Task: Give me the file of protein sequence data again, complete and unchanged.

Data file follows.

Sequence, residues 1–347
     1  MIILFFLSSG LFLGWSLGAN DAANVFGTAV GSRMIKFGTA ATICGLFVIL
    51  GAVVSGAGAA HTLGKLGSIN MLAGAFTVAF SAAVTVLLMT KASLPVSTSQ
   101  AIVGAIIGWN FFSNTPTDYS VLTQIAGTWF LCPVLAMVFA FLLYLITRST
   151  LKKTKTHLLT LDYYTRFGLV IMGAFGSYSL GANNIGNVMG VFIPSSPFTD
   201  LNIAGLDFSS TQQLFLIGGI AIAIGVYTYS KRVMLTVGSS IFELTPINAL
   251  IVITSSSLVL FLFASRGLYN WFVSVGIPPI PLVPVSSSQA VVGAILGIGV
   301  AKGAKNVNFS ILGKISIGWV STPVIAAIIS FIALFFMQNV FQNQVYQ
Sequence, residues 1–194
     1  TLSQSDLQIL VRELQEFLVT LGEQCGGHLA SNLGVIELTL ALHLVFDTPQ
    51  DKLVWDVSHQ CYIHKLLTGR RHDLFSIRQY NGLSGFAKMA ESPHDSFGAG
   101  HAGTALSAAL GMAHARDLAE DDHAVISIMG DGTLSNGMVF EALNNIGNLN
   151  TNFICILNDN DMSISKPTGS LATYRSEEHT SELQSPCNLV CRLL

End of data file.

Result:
Sequence, residues 1–347
     1  MIILFFLSSG LFLGWSLGAN DAANVFGTAV GSRMIKFGTA ATICGLFVIL
    51  GAVVSGAGAA HTLGKLGSIN MLAGAFTVAF SAAVTVLLMT KASLPVSTSQ
   101  AIVGAIIGWN FFSNTPTDYS VLTQIAGTWF LCPVLAMVFA FLLYLITRST
   151  LKKTKTHLLT LDYYTRFGLV IMGAFGSYSL GANNIGNVMG VFIPSSPFTD
   201  LNIAGLDFSS TQQLFLIGGI AIAIGVYTYS KRVMLTVGSS IFELTPINAL
   251  IVITSSSLVL FLFASRGLYN WFVSVGIPPI PLVPVSSSQA VVGAILGIGV
   301  AKGAKNVNFS ILGKISIGWV STPVIAAIIS FIALFFMQNV FQNQVYQ
Sequence, residues 1–194
     1  TLSQSDLQIL VRELQEFLVT LGEQCGGHLA SNLGVIELTL ALHLVFDTPQ
    51  DKLVWDVSHQ CYIHKLLTGR RHDLFSIRQY NGLSGFAKMA ESPHDSFGAG
   101  HAGTALSAAL GMAHARDLAE DDHAVISIMG DGTLSNGMVF EALNNIGNLN
   151  TNFICILNDN DMSISKPTGS LATYRSEEHT SELQSPCNLV CRLL